Has BICEP2 bitten the dust?

Time for yet another update on twists and turns of the ongoing saga of  BICEP2 and in particular the growing suspicion that the measurements could be accounted for by Galactic dust rather than primordial gravitational waves; see various posts on this blog.

First there is a Nature News and Views article by Paul Steinhardt with the title Big Bang blunder bursts the multiverse bubble. As the title suggests, this piece is pretty scathing about the whole affair, for two main reasons. The first is to do with the manner of the release of the result via a press conference before the results had been subjected to peer review. Steinhardt argues that future announcements of “discoveries” in this area

should be made after submission to journals and vetting by expert referees. If there must be a press conference, hopefully the scientific community and the media will demand that it is accompanied by a complete set of documents, including details of the systematic analysis and sufficient data to enable objective verification.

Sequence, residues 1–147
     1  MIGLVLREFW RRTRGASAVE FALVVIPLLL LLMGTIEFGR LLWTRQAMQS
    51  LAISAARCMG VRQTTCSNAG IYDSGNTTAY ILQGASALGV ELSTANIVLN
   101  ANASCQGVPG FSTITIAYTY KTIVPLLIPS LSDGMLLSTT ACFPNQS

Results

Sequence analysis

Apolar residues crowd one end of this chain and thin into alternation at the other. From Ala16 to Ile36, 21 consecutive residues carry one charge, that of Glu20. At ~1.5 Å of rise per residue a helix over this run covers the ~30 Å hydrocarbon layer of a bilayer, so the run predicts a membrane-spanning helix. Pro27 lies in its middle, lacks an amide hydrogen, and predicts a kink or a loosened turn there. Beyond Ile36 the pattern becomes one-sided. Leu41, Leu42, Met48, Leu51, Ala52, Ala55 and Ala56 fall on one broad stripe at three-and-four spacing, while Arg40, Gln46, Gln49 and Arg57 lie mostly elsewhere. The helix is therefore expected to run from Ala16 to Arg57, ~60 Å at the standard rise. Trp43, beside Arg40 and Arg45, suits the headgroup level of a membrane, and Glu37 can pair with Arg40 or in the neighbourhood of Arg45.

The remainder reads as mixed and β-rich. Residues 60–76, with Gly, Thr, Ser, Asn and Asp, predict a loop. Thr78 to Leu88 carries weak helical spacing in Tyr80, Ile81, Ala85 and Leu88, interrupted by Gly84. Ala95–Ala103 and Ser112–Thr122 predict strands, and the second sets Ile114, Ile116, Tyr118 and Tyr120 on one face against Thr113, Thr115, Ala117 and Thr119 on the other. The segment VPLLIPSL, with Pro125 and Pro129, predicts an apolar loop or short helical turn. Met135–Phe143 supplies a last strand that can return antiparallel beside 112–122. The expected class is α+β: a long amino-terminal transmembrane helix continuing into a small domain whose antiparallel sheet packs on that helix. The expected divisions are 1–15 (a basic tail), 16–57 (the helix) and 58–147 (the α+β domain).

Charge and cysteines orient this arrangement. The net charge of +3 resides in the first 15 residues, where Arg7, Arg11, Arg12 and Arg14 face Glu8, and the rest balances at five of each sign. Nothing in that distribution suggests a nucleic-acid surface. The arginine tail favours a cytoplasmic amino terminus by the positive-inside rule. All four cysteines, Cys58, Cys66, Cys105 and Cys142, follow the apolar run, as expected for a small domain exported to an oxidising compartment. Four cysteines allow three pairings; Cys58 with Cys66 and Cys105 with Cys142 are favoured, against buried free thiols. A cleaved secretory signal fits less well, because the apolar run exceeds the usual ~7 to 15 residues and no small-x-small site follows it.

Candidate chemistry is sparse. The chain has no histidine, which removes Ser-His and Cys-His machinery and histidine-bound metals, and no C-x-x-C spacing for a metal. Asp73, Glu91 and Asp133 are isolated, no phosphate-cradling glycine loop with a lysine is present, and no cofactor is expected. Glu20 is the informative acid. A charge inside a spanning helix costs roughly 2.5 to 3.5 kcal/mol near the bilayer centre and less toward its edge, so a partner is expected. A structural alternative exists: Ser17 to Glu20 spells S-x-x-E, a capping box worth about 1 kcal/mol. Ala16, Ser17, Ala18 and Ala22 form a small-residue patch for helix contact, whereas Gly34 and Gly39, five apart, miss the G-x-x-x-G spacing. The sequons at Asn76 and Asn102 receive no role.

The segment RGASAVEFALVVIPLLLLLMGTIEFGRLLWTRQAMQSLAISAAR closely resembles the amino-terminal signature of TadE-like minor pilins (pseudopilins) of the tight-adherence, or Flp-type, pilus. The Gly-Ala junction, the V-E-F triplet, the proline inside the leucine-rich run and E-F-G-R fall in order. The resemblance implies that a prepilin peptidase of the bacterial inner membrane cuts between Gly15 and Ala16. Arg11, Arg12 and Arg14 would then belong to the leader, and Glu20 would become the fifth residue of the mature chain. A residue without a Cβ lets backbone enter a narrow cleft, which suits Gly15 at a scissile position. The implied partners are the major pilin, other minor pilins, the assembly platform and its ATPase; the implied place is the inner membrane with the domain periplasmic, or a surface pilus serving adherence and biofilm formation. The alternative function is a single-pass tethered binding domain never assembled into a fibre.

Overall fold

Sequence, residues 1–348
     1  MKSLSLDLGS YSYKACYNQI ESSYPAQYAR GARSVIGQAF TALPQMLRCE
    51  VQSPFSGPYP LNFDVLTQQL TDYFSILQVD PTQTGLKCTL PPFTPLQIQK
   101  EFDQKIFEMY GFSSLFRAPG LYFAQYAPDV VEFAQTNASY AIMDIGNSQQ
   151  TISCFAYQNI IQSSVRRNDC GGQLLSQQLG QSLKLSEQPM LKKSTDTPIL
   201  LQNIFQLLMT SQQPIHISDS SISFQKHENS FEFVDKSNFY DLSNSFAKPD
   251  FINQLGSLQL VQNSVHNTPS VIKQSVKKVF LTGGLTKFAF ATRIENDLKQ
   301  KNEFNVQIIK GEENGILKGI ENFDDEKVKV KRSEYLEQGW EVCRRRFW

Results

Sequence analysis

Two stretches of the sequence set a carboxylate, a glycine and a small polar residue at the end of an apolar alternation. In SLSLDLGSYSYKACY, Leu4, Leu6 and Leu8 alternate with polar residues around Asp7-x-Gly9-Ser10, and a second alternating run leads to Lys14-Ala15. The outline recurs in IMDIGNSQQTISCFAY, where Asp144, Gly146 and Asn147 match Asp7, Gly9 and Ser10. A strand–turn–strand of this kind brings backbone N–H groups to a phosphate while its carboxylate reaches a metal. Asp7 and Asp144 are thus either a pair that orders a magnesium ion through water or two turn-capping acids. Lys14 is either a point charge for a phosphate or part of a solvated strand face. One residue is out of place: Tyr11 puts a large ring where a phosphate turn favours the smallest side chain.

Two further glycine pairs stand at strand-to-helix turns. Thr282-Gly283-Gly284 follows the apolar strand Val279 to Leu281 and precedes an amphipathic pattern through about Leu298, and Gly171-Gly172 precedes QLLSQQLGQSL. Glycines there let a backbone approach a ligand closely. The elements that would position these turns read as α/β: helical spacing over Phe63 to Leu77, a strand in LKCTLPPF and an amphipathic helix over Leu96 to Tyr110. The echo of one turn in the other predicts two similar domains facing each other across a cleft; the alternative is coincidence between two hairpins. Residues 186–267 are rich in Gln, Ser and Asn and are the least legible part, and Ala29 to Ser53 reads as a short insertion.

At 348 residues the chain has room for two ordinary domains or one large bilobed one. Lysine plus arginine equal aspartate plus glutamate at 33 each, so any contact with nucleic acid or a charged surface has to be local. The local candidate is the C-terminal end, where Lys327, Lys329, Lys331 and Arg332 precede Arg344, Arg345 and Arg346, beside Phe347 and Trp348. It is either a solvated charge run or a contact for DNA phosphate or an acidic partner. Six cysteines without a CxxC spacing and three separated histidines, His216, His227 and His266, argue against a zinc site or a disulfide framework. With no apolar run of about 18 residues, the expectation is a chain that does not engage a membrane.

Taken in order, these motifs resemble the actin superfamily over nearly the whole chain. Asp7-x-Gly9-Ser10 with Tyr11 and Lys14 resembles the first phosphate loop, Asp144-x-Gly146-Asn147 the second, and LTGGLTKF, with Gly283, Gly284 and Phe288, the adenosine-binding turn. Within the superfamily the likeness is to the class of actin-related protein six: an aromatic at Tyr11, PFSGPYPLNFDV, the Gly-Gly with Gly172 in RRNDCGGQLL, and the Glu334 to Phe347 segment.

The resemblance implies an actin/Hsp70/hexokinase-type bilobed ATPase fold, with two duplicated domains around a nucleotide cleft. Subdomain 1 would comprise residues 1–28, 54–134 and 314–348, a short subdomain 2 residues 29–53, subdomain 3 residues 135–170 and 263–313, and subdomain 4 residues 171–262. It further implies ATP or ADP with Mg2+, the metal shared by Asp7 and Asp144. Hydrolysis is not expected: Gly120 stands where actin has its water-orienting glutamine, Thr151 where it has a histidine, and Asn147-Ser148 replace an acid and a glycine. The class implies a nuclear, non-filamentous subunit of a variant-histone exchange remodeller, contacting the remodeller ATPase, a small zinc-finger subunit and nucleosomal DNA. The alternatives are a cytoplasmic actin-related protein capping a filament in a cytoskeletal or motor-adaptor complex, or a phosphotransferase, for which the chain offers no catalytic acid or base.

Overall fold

I also have reservations about the way the communication of this result was handled but I wouldn’t go as far as Steinhardt did. I think it’s quite clear that the BICEP2 team have detected something and that they published their findings in good faith. The fact that the media pushed the result as being a definitive detection of primordial gravitational waves wasn’t entirely their fault; most of the hype was probably down to other cosmologists (especially theorists) who got a bit over-excited.

It is true that if it turns out that the BICEP2 signal is due to dust rather than primordial gravitational waves then the cosmology community will have a certain amount of egg on its face. On the other hand, this is actually what happens in science all the time. If we scientists want the general public to understand better how science actually works we should not pretend that it is about absolute certainties but that it is a process, and because it is a process operated by human beings it is sometimes rather messy. The lesson to be learned is not about hiding the mess from the public but about communicating the uncertainties more accurately and more honestly.

Steinhardt’s other main point is one with which I disagree very strongly. Here is the core of his argument about inflation: